Movie Review: 'The Master' (2012)

“The Master” is dumbfounding. Paul Thomas Anderson’s almost 2 and half-hour film is a tour de force in the closest avant-garde filmmaking that American cinema has seen in some time, all the while maintaining some semblance of mainstream appeal.

Anderson (the director of “Boogie Nights”) has long been lauded as one of the most skilled directors of the last 15 years. He is more than deserving of a title, and this film makes a strong case for why. Not all directors could keep the subject matter and script as staggeringly sharp as this film does. Nevertheless, Anderson captures something remarkable in his quest to loosely explore the origins of Scientology. 

The highly-skilled director shows you how someone could be drawn into something so abstract and, at times, obscene. The cinematography puts the film in another dimension, cementing it as art. That is one of the things this movie does best, transcending the typical trope of being cast aside as simply being a movie. 

This is art in its finest, most intelligible form. It is a perfect example of what art is all about. Art is ambiguous, provocative, and, most times, indecipherable. The essence of art is to reveal what it is you see when you look at it. “The Master” is open to many interpretations.

The heart of the story isn’t the titular “Master,” it is Freddy Quell (Joaquin Phoenix), who is our ubiquitous host in the Master’s bizarre world. He is disheveled, emotionally tormented, sexually dysfunctional, crass in the crudest sense of the word, and honest, uncomfortably honest.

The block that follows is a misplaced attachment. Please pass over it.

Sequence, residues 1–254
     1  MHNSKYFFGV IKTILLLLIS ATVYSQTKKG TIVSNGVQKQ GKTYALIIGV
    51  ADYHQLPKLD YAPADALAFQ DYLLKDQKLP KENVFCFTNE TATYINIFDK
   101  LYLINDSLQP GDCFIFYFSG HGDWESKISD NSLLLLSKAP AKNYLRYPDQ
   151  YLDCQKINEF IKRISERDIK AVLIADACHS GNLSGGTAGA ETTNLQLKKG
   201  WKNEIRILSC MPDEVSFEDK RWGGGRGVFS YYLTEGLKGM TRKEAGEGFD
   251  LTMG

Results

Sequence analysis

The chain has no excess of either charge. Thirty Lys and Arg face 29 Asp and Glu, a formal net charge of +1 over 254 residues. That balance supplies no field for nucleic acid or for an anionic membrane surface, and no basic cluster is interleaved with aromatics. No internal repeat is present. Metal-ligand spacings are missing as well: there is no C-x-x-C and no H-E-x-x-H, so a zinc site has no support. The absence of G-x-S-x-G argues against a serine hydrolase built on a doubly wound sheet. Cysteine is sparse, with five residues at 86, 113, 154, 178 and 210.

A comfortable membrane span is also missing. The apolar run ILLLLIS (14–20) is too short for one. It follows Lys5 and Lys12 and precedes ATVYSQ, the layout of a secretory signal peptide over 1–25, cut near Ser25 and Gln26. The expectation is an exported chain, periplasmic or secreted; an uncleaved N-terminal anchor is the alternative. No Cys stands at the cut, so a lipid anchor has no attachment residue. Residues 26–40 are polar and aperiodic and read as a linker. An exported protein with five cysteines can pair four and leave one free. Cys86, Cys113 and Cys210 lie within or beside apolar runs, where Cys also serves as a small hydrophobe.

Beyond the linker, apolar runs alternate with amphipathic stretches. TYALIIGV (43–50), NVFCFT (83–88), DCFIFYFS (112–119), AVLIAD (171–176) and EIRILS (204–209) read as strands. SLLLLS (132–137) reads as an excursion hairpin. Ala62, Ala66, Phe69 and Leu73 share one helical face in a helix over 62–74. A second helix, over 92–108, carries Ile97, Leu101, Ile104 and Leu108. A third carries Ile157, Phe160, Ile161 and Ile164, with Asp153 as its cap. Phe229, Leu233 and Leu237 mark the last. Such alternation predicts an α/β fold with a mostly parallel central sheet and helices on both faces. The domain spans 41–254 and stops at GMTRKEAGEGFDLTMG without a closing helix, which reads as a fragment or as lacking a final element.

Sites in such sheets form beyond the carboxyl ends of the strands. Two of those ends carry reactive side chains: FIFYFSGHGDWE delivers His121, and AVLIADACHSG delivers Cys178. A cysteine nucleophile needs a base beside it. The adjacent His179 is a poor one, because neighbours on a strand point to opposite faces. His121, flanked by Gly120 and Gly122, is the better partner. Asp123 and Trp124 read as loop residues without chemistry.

During his exploits, he happens upon a boat party that Lancaster Dodd (Philip Seymour Hoffman) is throwing in honor of his daughter’s (Amber Childers) engagement. This is when the story truly begins. Dodd is quickly entranced by Quell and his profane mind, which is a complete mystery.

Joaquin Phoenix’s portrayal of Quell is stunningly authentic, vulnerably so. It is not a neat or tidy performance but rather a role that he consumes with reckless abandon while avoiding the pitfalls of buffoonery. Phoenix makes Quell frighteningly real. Phoenix’s dimension to the role is quintessential to fully realizing a character. In lesser hands, Quell could have been chaotic and devoid of any direction.

As for Hoffman, his incarnation of the seedy and sophisticated Dodd is captivating in every way. His charisma is what works to bewitch his prey. He’s maniacal in a really gentle, unsettling way. He displays a trance-like magnetism that permeates the mind. So, even though you might try your best to approach what he’s saying with incredulity, he works on you. It is an uneasy glimpse into the secretive world of how a leader of any sort can ensnare someone.

The magnificent Amy Adams as Dodd’s devoted acolyte and wife, Peggy, supports his performance. She, too, turns in a no-holds-bar performance. Playing the out-there Peggy with a crazed nuance that also makes her understandable. At the core of the film is the relational triangle of Dodd, Quell, and Peggy. Adams clarifies that Peggy isn’t desperate to remain number one in Dodd’s orbit. There is simply no other option.

What makes “The Master” so fascinating is that it is a character study. After watching it for the first time, I was left so stunned that I walked away, not really grasping what I’d just witnessed. It was too trippy at first glance to truly understand. Ultimately, it needed time to sink in.

When it did, the realization hit that I wasn’t really confused. I was awestruck. “The Master” makes you think, it makes you question, and that is what great cinema is supposed to do. It’s what great art is supposed to do. Rating: 8.5/10